The next morning Abby, Rachel, and I met up with Taylor for breakfast. She had just come in from the north after visiting her host brother who is starting University soon. It was so surreal to all be hanging out in Windhoek again. We did some craft shopping and found some good bargins. Later we went for sunset drinks at the rooftop bar at the Hilton, which offers some amazing views of the city. Then we had dinner at a restaurant that is trying for an American steakhouse vibe. We walked in to country music blaring and a bar with a variety of beer on tap (a rarity in Namibia). We met up with some pilots that Rachel knew and spent the night laughing with good food, good beer, and new friends.

Up next: my return to the village.

Our Epic Return

The flight back to Windhoek was incredibly surreal. We were both extremely excited to go back to the country that we called home for a year, but also a little anxious as to what would await us there. It was funny to contrast the feelings of landing at the airport this time compared to the first time. In 2013, we were nervous, scared, and excited--not entirely sure what we had gotten ourselves into. Seeing the barren desert surrounding us had many of us wondering if we had made the right choice. This time though, Abby and I couldn't help but do a dance of excitement on the tarmac, squealing "we're back, we're back, we're back!" to the confusion of the other passengers I'm sure. We got our bags and rented our car. When the guy showed us which one was ours, we were very pleased at the souped up sporty car that awaited us. After driving very small, very temperamental cars for 6 months, Abby was excited to have something with a little more pickup and that shifted smoother than the others. We knew it would make a huge difference on the gravel roads.

We drove into Windhoek and tried to navigate to our friend Rachel's flat. We had an address that I had put into Google maps, but when we arrived, we weren't sure we had found the right place. Neither of us had internet access on our phones. so we had to use an old fashioned map (gasp!) to make sure we were at least on the right street. After confirming that, we drove up and down it looking for the right number. We found it and approached the gate, only to realize we didn't know what flat she was in. Wow, we really hadn't thought this thing through. We ended up buzzing the manager's flat and his son told us where were could find Rachel. We found her place and then commenced yet another round of squealing, along with lots of hugs. We had a brief catch up session before Rachel had to go tutor, so Abby and I decided to test our memory of Windhoek and head over the mall to get somethings that we needed. We made it their easily and felt an overwhelming sense of familiarity as we walked in. After wandering around feeling nostalgic for a bit, we got the things we needed and headed back to Rachel's where we enjoyed a glass of wine on her balcony that has an amazing view of the city. The night wasn't over yet however, as Rachel informed us that our friends at the backpacker's that was our home away from home whenever we were in Windhoek were having a braii, and the best part was they didn't realize we were in town! After getting some meat at the store, we drove over. Man, driving through that gate really did feel like coming home. Another round of very surprised hugs awaited us inside and got our braii on while reminiscing about our year in Namibia. It was good to be back.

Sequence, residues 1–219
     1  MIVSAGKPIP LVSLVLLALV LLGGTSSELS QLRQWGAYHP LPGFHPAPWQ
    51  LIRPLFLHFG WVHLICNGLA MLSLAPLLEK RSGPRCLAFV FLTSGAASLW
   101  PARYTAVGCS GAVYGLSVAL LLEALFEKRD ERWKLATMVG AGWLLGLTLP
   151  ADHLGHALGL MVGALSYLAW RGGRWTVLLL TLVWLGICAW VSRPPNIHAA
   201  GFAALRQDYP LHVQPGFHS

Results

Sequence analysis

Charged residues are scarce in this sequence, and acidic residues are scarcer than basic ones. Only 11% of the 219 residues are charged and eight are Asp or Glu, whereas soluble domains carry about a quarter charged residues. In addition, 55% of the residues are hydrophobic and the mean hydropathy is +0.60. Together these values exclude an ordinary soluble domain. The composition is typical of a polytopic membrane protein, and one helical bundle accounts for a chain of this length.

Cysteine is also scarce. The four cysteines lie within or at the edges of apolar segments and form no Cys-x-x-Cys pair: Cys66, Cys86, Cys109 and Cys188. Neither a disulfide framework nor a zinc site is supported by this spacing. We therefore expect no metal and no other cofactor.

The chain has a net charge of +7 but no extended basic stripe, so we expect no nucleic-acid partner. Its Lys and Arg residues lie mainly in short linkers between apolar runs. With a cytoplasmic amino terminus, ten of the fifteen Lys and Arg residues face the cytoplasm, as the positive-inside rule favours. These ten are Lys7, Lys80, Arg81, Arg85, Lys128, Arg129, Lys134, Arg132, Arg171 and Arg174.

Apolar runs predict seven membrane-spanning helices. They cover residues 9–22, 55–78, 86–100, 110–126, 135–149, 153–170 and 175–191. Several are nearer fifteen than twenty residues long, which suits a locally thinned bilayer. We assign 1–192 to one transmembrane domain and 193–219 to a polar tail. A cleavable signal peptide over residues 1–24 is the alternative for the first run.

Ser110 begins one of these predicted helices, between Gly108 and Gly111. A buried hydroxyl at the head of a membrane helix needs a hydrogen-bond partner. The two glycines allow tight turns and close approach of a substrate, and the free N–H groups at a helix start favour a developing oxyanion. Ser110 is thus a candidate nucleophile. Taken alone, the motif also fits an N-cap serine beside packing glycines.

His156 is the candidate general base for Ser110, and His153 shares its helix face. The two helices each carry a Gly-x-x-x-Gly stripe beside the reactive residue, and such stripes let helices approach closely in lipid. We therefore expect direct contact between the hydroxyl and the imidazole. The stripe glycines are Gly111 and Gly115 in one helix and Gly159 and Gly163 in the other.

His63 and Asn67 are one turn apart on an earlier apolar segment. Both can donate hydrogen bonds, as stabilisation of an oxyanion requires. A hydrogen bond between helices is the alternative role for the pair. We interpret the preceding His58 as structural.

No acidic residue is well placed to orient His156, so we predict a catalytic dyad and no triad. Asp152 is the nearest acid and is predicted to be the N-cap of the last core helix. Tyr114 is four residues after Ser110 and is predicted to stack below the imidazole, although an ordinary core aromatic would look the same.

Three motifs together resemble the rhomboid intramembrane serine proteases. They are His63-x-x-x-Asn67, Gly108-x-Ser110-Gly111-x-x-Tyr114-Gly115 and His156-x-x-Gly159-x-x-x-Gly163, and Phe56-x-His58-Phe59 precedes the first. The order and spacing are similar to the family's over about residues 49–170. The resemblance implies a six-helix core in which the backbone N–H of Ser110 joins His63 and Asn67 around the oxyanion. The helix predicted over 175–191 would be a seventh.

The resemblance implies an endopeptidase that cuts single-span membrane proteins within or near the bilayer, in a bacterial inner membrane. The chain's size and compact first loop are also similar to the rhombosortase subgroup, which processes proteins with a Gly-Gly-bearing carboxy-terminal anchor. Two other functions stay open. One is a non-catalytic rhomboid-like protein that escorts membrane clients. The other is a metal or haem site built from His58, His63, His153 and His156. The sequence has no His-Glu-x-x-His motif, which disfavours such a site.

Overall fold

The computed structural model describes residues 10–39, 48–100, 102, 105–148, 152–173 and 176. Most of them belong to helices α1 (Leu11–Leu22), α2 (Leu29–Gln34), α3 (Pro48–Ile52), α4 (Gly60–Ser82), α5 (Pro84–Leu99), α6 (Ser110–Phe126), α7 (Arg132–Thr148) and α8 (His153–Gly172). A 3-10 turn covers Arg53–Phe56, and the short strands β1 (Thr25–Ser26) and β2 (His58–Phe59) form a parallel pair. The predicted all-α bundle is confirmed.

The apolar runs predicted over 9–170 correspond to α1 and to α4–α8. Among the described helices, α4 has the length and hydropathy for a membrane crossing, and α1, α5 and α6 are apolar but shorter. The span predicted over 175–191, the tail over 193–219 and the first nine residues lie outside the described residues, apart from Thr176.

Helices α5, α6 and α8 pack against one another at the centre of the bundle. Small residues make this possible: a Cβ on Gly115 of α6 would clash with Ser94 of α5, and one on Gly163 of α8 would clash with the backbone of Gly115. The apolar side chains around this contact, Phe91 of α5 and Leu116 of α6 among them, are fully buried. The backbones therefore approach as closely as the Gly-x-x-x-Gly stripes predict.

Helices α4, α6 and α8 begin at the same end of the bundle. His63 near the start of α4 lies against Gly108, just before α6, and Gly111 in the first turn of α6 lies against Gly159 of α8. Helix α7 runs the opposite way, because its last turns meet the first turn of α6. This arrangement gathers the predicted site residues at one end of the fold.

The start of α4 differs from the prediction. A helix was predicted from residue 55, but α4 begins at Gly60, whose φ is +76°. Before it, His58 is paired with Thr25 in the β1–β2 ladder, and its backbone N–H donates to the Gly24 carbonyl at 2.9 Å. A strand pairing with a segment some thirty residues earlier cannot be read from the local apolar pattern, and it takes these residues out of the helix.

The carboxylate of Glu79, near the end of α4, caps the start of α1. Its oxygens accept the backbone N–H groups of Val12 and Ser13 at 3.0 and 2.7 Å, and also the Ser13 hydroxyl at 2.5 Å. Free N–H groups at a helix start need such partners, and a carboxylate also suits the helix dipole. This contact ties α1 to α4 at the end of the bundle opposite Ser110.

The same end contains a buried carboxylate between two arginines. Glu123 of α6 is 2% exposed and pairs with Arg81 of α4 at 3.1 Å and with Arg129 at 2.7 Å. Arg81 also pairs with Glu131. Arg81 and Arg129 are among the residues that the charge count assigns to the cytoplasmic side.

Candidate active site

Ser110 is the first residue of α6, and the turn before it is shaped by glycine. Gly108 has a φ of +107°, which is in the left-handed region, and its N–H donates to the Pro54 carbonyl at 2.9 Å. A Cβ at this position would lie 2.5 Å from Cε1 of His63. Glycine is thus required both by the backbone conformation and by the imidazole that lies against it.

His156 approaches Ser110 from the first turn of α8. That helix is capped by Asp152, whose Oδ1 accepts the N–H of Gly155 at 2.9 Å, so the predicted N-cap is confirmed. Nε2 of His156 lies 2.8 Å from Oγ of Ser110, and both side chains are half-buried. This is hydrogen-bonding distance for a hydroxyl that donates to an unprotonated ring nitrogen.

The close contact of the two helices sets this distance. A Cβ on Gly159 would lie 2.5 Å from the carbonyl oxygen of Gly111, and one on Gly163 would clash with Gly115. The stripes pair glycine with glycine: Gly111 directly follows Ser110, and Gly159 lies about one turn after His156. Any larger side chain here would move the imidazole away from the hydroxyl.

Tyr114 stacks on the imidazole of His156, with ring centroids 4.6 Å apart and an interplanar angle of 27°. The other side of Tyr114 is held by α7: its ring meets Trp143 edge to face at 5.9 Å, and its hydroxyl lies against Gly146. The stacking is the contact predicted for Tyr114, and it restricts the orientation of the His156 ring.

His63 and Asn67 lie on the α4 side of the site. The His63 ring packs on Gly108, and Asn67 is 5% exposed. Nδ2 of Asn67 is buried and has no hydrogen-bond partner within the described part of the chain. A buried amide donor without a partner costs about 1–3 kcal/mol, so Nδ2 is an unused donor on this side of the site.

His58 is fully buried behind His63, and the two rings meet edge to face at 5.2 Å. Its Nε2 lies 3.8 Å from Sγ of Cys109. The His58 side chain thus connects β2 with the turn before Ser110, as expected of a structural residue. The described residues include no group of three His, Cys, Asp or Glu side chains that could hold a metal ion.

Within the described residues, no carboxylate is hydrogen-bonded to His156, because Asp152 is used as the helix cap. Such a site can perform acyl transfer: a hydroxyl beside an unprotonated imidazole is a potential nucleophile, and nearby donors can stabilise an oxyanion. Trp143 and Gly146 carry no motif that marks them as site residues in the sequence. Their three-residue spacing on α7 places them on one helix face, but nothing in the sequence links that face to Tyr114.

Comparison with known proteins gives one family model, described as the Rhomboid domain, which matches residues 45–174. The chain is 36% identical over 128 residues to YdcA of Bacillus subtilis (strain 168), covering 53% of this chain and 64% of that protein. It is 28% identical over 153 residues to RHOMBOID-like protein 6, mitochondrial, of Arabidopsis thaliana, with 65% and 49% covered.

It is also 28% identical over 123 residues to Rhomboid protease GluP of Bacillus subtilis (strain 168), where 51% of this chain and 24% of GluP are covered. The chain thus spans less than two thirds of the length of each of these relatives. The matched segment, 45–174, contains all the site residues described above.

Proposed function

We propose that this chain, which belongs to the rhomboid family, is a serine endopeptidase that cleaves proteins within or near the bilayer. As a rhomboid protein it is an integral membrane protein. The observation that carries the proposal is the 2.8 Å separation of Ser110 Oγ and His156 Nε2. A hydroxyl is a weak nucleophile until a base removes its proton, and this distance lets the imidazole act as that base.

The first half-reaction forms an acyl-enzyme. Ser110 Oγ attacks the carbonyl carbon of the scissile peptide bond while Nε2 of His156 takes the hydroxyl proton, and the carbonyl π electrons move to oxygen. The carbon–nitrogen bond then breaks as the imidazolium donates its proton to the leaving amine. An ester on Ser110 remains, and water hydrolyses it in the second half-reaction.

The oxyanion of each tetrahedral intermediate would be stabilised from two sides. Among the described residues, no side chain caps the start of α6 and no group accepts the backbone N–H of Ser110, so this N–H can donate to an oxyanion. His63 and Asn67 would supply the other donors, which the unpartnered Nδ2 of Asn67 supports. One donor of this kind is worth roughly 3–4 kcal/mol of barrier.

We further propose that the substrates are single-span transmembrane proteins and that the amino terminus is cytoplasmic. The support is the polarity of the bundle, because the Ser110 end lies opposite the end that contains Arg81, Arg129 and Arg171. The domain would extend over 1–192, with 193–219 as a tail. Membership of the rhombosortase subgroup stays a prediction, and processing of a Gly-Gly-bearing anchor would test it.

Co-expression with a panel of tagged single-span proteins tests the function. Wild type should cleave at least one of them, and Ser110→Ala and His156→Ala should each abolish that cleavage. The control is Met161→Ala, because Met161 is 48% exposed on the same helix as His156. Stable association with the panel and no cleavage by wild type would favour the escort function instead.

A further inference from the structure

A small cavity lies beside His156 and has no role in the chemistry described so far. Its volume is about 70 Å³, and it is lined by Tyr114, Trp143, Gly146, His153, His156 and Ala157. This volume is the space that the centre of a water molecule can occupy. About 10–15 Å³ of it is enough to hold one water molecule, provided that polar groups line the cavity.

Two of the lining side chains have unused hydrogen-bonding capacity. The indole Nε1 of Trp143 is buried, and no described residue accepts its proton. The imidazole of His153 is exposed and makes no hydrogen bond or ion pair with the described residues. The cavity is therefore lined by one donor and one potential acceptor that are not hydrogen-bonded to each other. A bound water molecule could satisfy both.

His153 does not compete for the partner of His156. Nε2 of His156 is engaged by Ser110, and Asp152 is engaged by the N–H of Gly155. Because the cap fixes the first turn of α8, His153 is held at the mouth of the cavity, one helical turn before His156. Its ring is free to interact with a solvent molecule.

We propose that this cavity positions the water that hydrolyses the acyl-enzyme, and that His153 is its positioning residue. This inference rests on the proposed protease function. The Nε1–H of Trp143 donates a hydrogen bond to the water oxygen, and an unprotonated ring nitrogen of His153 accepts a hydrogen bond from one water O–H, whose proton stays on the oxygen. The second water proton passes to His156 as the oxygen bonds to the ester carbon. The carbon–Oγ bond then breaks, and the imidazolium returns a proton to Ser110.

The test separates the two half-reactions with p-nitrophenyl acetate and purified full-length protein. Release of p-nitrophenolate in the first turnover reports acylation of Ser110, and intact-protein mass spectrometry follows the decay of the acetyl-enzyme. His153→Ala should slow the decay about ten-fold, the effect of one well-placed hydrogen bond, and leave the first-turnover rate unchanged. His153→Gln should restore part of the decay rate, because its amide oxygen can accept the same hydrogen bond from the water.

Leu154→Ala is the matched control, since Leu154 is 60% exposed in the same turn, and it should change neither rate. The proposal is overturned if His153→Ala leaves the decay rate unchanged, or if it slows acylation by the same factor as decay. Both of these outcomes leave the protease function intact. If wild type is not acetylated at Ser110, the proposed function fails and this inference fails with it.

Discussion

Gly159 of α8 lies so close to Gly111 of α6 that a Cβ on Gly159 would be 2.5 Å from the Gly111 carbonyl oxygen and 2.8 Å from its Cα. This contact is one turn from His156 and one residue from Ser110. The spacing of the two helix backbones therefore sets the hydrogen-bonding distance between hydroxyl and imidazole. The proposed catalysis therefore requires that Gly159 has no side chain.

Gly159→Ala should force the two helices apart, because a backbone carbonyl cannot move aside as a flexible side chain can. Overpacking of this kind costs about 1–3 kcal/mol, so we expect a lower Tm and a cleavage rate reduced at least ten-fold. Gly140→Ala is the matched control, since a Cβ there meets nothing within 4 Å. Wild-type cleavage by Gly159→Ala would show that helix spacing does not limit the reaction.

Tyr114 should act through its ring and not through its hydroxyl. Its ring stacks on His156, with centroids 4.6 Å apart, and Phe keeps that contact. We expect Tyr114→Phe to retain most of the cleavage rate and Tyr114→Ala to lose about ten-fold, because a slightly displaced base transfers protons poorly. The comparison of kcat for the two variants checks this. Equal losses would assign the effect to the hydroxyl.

Next up-- Spitzkoppe: Revisited

Tuesday, July 5, 2016

Adventures in Polokwane

On Friday I had my first full day in Polokwane. We woke up and after a relaxing morning, we went to her school for their last day of the term. Because all the exams were over, it was only teachers at the school, and people were just finishing up grading. Abby gave me a tour of her school and though I saw many similarities between her school and my school in Onamutai, here school was definitely bigger and had slightly more resources. I met with some of her colleagues, and then they had a staff meeting. Abby and I could only smile as I got to experience a South African staff meeting, which bore remarkable similarity to the many staff meetings I had in Onamutai. In fact, if anyone remembers by previous blog post on the matter (Are We Really Talking About This?) the staff birthday issue was discussed here as well, with much of the same results. When the meeting was finished, we joined some of her colleagues at a local restaurant for a braii. I don't think it would be possible to overstate the amount of happiness I felt having my first Hunter's and boerwors in almost 3 years. Seriously, nothing could stop my grinning.

A gorgeous white tiger
The next morning we got up early and along with Abby's roommate Izora and her boyfriend Jacob that was also visiting, we drove out to a town called Tzaneen where we went on an interactive animal walk.